Unlike many physical diseases for which there is no longer a stigma but also few cures, most mental health problems are eminently treatable. With one in four of your employees destined to suffer from depression or other mental illness, you have more than 25% of your workforce requiring support – along with the other 75% who will be affected by someone else’s anxiety, depression and even, on rare occasions, the suicide of a co-worker.
An argument could be made that if a CEO’s number-one job is to be the steward of a corporation’s growth, their number two job should be caring for the mental engines of that growth: the brains of his or her employees. What is the cost of untreated mental illness in the workplace? The Center for Workplace Mental Health put the cost of major depressive disorders (MDD) affecting 16 million Americans at $210.5 billion annually, half of which impacts the workplace in missed days from work and lowered productivity.
Have we, as CEOs, made it as easy for an employee to request time off to treat depression as it is for them to take leave for a broken leg? I get that mental health is amorphous – anxiety and depression are harder to understand and nearly impossible to visualize compared to a condition that requires a surgical procedure – but CEOs must create a culture that recognizes the fact that such invisible illnesses are no less valid than visible ones.
We must also strive to create a supportive environment where our employees know their claims will be taken seriously. Too often, people who suffer from mental illness are told to “get over it” or “stop being dramatic.” It would be unacceptable to say something like that to someone battling cancer or recovering from surgery, so why treat mental health differently? We need to make sure employees know they will be believed when they reach out to their managers about mental illness.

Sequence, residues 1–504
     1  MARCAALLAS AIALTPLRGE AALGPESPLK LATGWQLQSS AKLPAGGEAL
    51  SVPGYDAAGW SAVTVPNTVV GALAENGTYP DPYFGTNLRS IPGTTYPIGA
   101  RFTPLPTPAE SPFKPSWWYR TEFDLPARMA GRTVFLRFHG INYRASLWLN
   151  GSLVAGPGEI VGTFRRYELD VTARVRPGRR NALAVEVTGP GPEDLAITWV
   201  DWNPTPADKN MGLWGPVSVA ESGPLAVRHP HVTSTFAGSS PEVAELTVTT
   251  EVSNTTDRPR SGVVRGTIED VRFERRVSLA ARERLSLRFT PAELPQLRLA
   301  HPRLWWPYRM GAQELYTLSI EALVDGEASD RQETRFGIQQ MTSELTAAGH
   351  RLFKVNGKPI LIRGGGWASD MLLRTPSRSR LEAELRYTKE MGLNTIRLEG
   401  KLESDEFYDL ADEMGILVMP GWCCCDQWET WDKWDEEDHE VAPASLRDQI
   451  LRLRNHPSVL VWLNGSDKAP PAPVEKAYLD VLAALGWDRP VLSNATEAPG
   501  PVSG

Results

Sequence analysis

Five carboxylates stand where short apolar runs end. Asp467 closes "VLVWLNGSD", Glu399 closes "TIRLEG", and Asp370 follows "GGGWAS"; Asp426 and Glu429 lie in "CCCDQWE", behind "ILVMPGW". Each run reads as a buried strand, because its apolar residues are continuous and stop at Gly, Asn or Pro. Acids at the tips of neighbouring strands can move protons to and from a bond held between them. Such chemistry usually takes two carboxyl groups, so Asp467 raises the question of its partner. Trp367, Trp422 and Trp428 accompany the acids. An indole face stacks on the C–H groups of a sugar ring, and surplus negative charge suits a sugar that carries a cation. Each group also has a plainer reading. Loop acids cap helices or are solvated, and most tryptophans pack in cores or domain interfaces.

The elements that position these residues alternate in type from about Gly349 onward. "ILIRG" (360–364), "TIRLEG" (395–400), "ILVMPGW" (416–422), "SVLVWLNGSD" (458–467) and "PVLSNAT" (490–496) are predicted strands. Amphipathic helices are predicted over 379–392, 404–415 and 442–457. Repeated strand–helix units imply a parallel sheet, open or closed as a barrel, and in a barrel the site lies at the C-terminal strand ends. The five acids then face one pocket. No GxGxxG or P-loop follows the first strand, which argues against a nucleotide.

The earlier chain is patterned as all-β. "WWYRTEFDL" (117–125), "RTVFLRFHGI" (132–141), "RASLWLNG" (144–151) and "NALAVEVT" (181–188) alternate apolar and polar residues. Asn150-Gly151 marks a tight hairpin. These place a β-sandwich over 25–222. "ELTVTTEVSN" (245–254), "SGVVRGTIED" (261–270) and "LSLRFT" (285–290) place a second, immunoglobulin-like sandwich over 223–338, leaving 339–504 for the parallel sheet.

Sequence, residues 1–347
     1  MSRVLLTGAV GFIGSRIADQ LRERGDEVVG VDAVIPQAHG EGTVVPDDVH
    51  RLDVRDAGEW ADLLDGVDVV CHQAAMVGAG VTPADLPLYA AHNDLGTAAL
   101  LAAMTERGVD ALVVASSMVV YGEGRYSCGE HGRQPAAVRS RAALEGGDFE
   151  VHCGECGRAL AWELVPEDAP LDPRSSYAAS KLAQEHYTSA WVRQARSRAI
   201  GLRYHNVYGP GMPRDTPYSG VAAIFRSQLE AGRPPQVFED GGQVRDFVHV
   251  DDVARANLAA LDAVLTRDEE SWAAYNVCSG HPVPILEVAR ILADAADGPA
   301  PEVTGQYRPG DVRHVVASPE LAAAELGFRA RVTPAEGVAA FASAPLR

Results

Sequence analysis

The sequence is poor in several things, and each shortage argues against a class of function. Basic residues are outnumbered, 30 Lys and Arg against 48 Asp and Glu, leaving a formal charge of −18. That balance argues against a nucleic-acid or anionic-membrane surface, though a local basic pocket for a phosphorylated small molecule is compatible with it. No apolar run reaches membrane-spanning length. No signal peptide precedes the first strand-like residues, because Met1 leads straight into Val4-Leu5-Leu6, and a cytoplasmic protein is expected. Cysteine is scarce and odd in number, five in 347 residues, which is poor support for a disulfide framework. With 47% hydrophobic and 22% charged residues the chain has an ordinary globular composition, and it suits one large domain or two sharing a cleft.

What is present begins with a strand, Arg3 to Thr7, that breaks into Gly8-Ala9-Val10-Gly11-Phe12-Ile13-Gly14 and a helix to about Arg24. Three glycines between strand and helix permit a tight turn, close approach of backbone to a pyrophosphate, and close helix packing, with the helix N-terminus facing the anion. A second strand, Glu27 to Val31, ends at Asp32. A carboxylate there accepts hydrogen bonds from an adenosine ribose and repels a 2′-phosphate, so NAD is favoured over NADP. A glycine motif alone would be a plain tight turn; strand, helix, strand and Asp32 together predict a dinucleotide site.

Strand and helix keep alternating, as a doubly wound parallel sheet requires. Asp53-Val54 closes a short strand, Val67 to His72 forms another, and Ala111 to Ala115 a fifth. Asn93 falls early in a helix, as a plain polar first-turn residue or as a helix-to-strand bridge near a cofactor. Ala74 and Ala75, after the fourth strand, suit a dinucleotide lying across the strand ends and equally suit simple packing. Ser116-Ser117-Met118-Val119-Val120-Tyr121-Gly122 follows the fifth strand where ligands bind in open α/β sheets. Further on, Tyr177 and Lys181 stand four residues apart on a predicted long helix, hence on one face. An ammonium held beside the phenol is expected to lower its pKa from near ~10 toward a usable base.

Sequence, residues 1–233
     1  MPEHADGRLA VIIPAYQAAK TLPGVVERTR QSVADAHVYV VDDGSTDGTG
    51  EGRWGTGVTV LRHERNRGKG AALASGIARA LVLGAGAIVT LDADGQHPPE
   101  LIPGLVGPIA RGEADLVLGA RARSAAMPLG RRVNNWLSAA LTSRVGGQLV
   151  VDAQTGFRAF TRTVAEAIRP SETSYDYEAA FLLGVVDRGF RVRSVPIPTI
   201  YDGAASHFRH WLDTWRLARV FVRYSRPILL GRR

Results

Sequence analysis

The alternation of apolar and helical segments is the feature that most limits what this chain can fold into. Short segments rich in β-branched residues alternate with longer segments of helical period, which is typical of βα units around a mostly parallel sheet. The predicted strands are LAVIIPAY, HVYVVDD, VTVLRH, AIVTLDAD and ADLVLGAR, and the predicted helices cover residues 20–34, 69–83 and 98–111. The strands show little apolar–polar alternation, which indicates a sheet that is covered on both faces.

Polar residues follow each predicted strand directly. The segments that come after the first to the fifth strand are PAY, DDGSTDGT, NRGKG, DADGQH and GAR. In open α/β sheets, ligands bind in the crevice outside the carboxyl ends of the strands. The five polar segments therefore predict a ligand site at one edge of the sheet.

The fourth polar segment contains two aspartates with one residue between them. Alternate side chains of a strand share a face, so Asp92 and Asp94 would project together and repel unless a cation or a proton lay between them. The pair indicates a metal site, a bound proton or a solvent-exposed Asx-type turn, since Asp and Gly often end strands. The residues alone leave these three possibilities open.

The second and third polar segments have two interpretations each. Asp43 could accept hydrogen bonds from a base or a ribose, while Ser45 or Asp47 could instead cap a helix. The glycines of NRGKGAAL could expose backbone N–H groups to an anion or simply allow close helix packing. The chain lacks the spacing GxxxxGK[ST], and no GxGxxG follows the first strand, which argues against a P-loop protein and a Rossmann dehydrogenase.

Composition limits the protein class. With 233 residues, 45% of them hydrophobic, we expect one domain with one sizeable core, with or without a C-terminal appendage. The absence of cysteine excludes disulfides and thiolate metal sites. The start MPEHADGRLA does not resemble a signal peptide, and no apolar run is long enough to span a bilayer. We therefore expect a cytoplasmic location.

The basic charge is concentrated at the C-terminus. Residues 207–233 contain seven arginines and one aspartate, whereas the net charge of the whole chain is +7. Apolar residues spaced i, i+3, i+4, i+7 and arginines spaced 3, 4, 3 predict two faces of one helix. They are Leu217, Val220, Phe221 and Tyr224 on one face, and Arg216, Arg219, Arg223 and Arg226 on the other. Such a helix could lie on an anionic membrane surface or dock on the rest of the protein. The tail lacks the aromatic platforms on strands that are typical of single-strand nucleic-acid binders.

It’s not surprising that when CEOs do speak out publicly to encourage employees to get treatment for mental illness, it’s usually because someone close to them was affected – a CEO’s son in recovery from opioid addiction, a president’s spouse struggling with clinical depression. That’s commendable, but business leaders shouldn’t need a personal experience with mental illness to unlock our compassion for employees.
Interestingly, few people comprehend the ubiquity of mental health issues better than entrepreneurs. Surveys suggest that almost 50% of entrepreneurs struggle with lifetime mental health conditions from bipolar diagnosis to ADHD and depression, which won’t surprise any business leader who has endured the highs and lows of creating and growing a company.
Here’s the good news: wearing the mantle of your company’s lead advocate for normalizing conversations about mental health enables CEOs to combine what we must do as business executives, with what we should do as human beings. Yes, CEOs must drive productivity, shareholder value and profit, but we should also lead in reducing the mental suffering of the very employees who contribute to that goal. As CEOs, we have the opportunity – no, I’d call it the privilege – to use our influence to change attitudes about mental health.
There are vital roles that your VP of Human Resources, Benefits and Employee Assistance can play in facilitating a mentally healthy culture. But only a CEO – the leader who employees and managers look to for inspiration – can normalize this uncomfortable conversation and break the stigma of discussing the mental health issues that our employees, and many of ourselves, face.